Read an Exclusive Excerpt From A.J. Tata’s Next Thriller, ‘Dark Winter’

Aj Tata and Dark Winter.jpg

 

This fall, Jake Mahegan returns in Dark Winter, the explosive and timely new thriller from former Brigadier General Anthony J. Tata. 

Following last year’s Direct Fire, Tata’s fifth Mahegan book features a ripped-from-the-headlines plot that sets Jake on a collision course with a group of anonymous hackers who hold the fate of the world at their fingertips. . . setting up his most high-stakes, high-concept plot yet, all told with the kind of been-there-done-that authenticity that Tata is known for.

If you’re a fan of Brad Thor, Mark Greaney, or Brad Taylor, you’ll love Tata, who has quickly turned his series into one of the best things going in the military thriller genre right now. While Dark Winter won’t hit bookstore shelves until October 30th, Book Spy followers are getting an exclusive first look at a two-chapter excerpt.

Pre-order your copy of Dark Winter here, then scroll down to read the free preview!

 


 

CHAPTER 1

 

JAKE MAHEGAN KISSED THE SCAR ON CAPTAIN CASSIE BAGWELLS BACK as the sheer curtains fluttered inward from the southwest sea breeze on Bald Head Island, North Carolina. He ran a hand from her bare shoulder along the taut contours of her back, heard a slight moan escape her lips, and continued running his fingertips along her hip and leg.

“Been a week,” she whispered, her head turned toward the open patio sliding door. “No phone calls.”

Mahegan concentrated on the task at hand, which was pleasing Cassie. Plus, phones didn’t ring when they were turned off. Ignoring her comment, he brought his hand back up and firmly traced the muscles on either side of her spine, starting just below her clipped blond hair near her shoulders. He found a few knots and worked the kinks out. He’d learned that she carried her stress between the scapula bones. He rubbed the lateral muscle of each for a few minutes, feeling her body let go of a little more anxiety.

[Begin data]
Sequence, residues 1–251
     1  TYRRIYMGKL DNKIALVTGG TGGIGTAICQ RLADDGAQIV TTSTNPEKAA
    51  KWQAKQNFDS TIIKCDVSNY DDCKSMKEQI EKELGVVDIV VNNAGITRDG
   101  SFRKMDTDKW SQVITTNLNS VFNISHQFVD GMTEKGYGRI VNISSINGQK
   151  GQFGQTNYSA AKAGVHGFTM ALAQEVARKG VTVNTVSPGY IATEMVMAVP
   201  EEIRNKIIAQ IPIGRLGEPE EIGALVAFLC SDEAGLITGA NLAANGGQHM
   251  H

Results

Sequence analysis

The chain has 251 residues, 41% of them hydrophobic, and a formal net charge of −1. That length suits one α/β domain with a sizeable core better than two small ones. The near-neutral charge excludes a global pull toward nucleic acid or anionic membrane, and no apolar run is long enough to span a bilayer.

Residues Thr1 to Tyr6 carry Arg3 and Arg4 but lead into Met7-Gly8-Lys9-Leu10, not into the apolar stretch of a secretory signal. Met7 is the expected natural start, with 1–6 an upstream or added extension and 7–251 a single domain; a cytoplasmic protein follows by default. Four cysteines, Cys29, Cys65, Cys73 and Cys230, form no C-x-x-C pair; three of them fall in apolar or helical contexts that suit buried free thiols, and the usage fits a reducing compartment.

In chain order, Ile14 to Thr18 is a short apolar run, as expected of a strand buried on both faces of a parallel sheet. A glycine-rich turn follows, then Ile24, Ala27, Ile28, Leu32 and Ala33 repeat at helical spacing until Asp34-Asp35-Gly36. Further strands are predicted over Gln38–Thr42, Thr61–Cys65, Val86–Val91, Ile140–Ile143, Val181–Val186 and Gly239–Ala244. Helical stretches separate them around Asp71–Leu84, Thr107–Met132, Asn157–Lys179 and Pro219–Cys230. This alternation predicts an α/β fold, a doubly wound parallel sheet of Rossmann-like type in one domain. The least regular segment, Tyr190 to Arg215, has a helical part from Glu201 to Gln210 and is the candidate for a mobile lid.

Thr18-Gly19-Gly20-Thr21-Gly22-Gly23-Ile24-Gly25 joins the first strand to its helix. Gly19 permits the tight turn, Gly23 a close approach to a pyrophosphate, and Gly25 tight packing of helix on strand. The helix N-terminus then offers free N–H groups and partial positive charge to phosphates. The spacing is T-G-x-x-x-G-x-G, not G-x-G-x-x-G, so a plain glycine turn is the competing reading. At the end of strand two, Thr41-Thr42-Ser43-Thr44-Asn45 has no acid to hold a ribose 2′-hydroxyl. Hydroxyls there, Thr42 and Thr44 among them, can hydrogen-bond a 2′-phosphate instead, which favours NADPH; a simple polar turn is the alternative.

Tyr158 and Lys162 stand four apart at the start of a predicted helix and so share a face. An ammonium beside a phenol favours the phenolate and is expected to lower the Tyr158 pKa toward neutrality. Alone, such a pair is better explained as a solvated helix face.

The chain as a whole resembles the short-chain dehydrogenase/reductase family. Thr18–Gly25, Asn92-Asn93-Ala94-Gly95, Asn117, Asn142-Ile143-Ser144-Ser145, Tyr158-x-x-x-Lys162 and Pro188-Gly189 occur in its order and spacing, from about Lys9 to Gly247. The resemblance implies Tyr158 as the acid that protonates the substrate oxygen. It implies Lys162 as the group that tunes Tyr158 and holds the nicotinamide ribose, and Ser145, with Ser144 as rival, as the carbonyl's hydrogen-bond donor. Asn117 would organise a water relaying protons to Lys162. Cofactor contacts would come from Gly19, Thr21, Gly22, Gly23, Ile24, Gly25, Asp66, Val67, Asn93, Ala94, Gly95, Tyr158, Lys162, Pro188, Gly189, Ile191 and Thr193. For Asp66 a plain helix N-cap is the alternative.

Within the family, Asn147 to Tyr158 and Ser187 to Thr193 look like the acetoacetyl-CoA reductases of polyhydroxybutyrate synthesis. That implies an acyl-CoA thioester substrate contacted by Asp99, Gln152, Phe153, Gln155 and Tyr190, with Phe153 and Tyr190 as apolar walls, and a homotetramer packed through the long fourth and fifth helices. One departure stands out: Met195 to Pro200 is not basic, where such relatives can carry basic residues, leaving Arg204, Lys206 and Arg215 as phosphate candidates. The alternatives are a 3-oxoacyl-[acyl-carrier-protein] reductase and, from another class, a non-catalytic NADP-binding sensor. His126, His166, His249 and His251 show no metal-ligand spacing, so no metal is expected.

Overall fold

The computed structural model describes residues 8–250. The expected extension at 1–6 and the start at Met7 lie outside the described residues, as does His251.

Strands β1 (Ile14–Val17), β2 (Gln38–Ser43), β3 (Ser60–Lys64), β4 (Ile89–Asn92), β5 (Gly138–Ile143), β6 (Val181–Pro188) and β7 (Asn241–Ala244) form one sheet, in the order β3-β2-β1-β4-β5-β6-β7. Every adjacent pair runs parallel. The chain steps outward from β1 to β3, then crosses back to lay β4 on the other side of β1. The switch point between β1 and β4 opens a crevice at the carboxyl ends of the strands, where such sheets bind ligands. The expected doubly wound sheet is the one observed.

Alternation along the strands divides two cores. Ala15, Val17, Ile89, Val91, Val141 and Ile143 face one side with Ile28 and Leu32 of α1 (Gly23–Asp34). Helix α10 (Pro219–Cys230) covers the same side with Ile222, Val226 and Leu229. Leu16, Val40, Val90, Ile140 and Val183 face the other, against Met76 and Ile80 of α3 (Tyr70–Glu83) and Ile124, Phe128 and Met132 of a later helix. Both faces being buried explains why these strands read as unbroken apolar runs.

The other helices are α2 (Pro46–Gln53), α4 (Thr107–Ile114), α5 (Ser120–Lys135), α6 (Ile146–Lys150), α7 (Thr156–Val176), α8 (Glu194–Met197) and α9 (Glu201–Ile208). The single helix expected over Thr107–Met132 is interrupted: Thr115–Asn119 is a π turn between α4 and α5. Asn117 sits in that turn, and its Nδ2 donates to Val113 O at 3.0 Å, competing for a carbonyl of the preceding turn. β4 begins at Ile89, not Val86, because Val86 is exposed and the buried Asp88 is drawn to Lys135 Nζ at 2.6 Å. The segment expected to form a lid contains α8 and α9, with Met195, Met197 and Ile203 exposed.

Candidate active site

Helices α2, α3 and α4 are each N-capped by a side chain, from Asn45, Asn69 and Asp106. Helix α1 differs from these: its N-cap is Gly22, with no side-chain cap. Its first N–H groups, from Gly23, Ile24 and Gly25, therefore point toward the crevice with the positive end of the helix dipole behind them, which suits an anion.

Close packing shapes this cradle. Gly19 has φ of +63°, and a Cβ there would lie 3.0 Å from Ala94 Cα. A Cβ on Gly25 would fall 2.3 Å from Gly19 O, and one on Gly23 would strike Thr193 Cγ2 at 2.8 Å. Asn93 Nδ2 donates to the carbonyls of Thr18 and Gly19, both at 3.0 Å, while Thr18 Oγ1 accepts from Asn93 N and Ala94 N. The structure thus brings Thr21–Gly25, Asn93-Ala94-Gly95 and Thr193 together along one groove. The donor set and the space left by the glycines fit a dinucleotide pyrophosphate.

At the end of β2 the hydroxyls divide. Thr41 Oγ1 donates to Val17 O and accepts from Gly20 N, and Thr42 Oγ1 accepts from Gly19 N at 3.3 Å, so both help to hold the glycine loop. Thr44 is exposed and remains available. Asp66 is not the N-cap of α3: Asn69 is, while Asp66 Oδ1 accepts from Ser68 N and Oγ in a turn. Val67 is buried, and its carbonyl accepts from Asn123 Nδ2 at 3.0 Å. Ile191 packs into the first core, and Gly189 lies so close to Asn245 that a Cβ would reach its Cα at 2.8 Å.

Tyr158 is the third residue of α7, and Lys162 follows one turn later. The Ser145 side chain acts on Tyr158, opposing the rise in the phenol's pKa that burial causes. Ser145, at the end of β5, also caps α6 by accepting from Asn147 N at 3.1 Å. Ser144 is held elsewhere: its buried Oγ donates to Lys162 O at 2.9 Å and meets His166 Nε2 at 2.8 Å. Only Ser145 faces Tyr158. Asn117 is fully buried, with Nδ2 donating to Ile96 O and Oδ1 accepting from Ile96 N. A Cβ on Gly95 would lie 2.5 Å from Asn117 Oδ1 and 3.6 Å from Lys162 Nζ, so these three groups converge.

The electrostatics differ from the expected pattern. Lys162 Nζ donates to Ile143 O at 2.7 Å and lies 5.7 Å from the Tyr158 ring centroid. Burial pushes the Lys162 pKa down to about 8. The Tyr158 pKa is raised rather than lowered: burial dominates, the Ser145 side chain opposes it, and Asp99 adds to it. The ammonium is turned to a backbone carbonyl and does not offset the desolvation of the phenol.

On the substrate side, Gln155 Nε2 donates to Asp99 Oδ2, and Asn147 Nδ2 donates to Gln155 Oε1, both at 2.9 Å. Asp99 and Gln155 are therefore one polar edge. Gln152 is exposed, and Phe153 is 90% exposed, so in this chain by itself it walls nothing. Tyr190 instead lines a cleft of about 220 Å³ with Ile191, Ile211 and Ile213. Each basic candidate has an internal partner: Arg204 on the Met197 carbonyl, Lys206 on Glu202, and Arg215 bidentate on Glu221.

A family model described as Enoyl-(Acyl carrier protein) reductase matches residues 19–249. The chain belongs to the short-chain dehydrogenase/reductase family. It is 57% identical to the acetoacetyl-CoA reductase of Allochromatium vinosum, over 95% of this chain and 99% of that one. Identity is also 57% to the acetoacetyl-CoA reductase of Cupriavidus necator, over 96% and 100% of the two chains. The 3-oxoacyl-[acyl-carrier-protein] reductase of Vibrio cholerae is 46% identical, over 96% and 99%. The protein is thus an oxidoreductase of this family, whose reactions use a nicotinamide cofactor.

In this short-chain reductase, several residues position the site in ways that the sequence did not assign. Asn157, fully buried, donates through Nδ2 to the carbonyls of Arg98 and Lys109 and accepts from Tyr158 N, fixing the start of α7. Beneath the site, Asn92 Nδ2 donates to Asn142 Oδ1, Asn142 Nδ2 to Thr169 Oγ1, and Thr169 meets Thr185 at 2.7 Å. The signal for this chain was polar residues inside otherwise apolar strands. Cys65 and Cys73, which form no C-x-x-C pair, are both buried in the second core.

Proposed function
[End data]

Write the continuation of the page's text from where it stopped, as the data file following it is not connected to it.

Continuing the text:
Every day had been the same. Make love. Rest. Sleep. Eat. Make love some more. Walk on the beach, which was just over the dunes beyond the fluttering curtains. Swim in the Atlantic Ocean. He furrowed his brow as he recalled the worry on Cassie’s face yesterday when he had swum a mile out to sea and a mile back. An easy swim for him. Something he had been doing most of his life, especially during his rehab from his combat wound.

He had grinned walking up the beach, spotting her cut body in the flimsy bikini. His smile slowly faded, though, as he noticed the concern etched in her countenance. Fixed gaze, doubting look, full but straight lips, arms crossed.

“Don’t do that again, Jake,” she warned.

“I just swam, like I always do,” he replied.

“You were . . . gone. I couldn’t see you—” She stopped, covering her mouth. A full tear slid from her eyes. “I’m sorry.”

He had hugged her and pulled her tight, his feet on either side of hers in the sand. She had slowly relented and wrapped her toned arms around his large mass. Mahegan was nearly six and a half feet tall and a former high school heavyweight wrestler. All muscle, no fat, Cassie was five feet ten inches. She rested her head on his chest and shoulder. He felt the tears continue to flow.

He had asked himself, isn’t this what you’ve always wanted? A good woman to love and to love you?

At that moment, he realized Cassie was precisely who he wanted. Never considering himself fortunate enough to find his person, she’d suddenly become a fixture in his life.

Now, this morning, he looked from Cassie’s bare back to the sun rising over the dunes and said, “I won’t.”

Cassie turned her head on the pillow slightly and then rolled toward him, pulling him toward her.

“You won’t what?” she asked.

She had a dreamy smile on her face as if Mahegan had spent the last hour finding every spot of pain and pleasure on her body, which was exactly what had transpired.

“I won’t do that again,” Mahegan said.